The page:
Bowled over by top effort
IN THE end, it was an event that drew a community together to show that it cared.
Heathcote Bowling Club’s innovative 24-hour Australia Day bowls marathon became a talking point around the district.
The aim of the marathon was to draw attention to the devastating illness that is motor neurone disease, following news that one of the bowlers had been afflicted.
Apart from raising awareness, it was also designed to raise some money, to be shared with MND Victoria, which provides support services to those who are dealing with the disease.
That hundreds of people turned out over the 24 hours is a great reflection on Australians and the way they care about others.
That the marathon raised more than $20,000 showed how deep Australians are prepared to dig when there is a need.
Bowlers came from far and wide, from Colbinabbin and Rochester, from Geelong and Gisborne.
They turned up from White Hills, South Bendigo and Eaglehawk and included some of the best bowlers in the region.
They knew their mate could do with some support and they were there. The occasion turned out to be something of a celebration of bowls, of sport, of mateship, and everyone enjoyed the event.
There were families, from the very young to the very old, there were individuals who made the trip because they wanted to help.
With the marathon starting at 3.15pm on January 25, it would finish exactly 24 hours later.
Not a moment too soon for some, who had laboured long and hard, up and down the greens.
It started with two young politicians — Member for Bendigo Lisa Chesters, who represents Heathcote in federal parliament, and Member for Euroa Steph Ryan who represents Heathcote in state parliament — getting the bowls rolling.
They addressed the gathering first and not a word was spoken about politics — it was all about coming together to support people in need.
Both Lisa and Steph enjoyed playing bowls with the locals and pretty soon the greens were almost full.
Teams from Rochester and Geelong were first to play on the rink set aside for the 24-hour marathon, and other games would follow with bowlers moving in and out of teams to ensure that the marathon never faltered.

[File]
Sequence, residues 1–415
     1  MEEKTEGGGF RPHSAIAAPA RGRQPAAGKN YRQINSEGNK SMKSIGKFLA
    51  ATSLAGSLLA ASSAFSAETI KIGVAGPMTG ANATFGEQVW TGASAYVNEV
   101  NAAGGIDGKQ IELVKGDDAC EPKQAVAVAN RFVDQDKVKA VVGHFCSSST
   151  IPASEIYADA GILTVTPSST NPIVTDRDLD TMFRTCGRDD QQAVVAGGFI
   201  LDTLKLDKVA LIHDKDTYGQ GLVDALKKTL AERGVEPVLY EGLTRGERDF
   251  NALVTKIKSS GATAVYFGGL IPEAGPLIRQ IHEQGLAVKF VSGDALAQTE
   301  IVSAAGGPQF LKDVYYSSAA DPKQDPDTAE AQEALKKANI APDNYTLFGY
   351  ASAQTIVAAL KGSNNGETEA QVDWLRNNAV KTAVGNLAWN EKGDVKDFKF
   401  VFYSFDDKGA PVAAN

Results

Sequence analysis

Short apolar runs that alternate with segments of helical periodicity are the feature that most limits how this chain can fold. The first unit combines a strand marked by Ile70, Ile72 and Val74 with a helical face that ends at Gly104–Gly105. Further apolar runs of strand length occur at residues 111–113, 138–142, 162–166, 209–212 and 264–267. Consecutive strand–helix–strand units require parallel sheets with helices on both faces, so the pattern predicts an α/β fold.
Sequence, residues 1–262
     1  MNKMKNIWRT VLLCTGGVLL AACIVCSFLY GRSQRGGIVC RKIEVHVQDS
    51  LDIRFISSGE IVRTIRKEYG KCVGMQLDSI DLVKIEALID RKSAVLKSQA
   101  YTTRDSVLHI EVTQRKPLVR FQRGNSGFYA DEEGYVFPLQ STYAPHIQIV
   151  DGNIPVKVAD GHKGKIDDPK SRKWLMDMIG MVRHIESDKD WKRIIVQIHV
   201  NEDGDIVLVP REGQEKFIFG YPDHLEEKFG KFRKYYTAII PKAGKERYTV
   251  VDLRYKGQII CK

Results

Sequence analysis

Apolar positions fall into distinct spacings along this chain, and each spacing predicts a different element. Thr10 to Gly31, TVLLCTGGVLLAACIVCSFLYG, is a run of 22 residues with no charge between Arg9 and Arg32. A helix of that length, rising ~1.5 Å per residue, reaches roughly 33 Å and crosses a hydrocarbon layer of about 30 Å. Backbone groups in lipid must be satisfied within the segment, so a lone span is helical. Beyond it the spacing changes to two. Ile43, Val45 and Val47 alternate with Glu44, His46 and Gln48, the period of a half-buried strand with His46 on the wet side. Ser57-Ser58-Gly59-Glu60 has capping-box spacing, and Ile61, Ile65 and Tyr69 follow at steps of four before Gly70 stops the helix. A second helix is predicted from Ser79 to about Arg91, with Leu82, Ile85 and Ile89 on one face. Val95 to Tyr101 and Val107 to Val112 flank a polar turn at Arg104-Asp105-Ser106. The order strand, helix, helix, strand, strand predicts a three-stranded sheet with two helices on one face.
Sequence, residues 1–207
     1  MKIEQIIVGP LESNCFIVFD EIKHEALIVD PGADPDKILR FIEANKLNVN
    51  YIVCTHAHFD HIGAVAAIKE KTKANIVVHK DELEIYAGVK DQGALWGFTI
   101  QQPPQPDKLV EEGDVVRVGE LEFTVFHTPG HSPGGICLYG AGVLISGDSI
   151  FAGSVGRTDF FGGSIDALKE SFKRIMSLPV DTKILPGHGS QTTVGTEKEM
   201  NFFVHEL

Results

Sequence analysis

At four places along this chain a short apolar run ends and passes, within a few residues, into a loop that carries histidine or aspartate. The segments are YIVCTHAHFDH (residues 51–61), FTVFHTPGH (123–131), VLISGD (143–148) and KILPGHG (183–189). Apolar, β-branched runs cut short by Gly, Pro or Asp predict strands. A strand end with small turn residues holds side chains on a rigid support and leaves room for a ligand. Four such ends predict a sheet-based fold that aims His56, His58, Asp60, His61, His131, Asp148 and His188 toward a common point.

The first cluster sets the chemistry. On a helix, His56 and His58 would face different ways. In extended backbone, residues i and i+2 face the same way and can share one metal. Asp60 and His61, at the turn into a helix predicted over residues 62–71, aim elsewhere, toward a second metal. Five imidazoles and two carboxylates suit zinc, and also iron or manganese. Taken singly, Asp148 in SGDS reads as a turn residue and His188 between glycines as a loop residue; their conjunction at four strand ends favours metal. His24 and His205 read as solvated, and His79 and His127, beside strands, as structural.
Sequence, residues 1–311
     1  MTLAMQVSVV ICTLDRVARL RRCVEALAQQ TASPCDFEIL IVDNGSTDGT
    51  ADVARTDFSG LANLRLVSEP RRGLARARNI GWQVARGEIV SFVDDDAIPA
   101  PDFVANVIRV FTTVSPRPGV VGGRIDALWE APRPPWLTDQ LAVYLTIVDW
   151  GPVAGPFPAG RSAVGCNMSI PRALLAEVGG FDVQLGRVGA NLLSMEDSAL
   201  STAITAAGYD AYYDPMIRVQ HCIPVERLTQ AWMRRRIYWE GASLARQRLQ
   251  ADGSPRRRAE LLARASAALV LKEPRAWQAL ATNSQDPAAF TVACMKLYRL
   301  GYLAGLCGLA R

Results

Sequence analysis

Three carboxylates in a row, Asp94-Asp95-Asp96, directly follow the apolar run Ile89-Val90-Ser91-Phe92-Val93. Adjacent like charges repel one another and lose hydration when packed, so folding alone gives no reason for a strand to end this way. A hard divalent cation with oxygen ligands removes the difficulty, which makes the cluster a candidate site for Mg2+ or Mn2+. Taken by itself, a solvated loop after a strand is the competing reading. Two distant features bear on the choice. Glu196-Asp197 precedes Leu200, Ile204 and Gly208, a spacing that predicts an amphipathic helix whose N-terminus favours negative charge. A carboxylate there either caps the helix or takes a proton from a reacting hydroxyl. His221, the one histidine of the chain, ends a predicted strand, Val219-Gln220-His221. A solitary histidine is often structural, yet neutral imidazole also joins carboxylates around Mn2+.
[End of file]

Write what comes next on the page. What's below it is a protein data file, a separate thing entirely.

Heathcote veteran and club stalwart Ellis Knight set himself the ambitious target of bowling one ‘‘end’’ for each of his 80 years.
Demonstrating how the event attracted support from many areas, Heathcote Golf Club captain Adrian King also set himself a goal to remain available to play for the entire 24-hour period.
Bowlers were happy to pay for the privilege of playing and the $1 per end fee did much to add to the coffers.
Feature rinks included a group from Heathcote Bowling Club which comprised the four oldest bowlers in the club — Lex Tattersall, Ellis Knight, Leo Jeffrey and Tom Aylett.
City of Greater Bendigo mayor Rod Fyffe arrived during the evening and enjoyed a lesson from formed club champ Deryl Binney.
Other guests included Eric Kelly and Katherine Nightingale from MND Victoria, and Josh Thornton from Bowls Victoria.
COGB Cr Helen Leach also paid a visit on Australia Day after the official Heathcote ceremony in the nearby parkland.
The event had drawn enormous support from local and district businesses, and they were constantly recognised throughout.
District wineries were also keen to support the cause and their wines were eagerly sought on the fundraising spinning wheel.
Heathcote shiraz for $2 a spin was an opportunity few could resist.
At midnight, there were still six rinks occupied under lights on the beautiful Heathcote front green; at 3am, numbers had dwindled to three rinks.
And just when you thought that everyone should have been tucked up in bed, a team of three bowlers from Rochester turned up, because they thought that was the time that the marathon would need a bit of a hand.
So they played their 10 ends and turned around to head back to Rochy, knowing that they’d done their bit.
By 5am, a few bowlers began to trickle back onto the green, happy to play their part.
One bowler from Bendigo turned up at 6am, thinking there would be a shortage and
Barry Cail was stunned to find there were about 30 players on the green.
The cold of the early hours gave way to another beautiful warm Heathcote day and so the marathon wore on to its magnificent conclusion.
The clubhouse and surrounds were crowded with people who were simply enjoying a terrific occasion.
The final bowls were delivered at 3.15pm by Ellis Knight, playing his 80th end, and popular clubman Dennis Gleeson — and they returned to the clubhouse to a tumultuous roar.
Few would have predicted the outstanding success of the marathon; no-one doubts that it will go down in Heathcote folklore.
Barry Cail is a member of Heathcote Bowling Club and a former editor of the McIvor Times.
Heathcote Bowling Club president Eileen O’Brien with Member for Bendigo Lisa Chesters.
Member for Euroa Steph Ryan, Pete Cunningham
and Bowls Victoria’s Josh Thornton.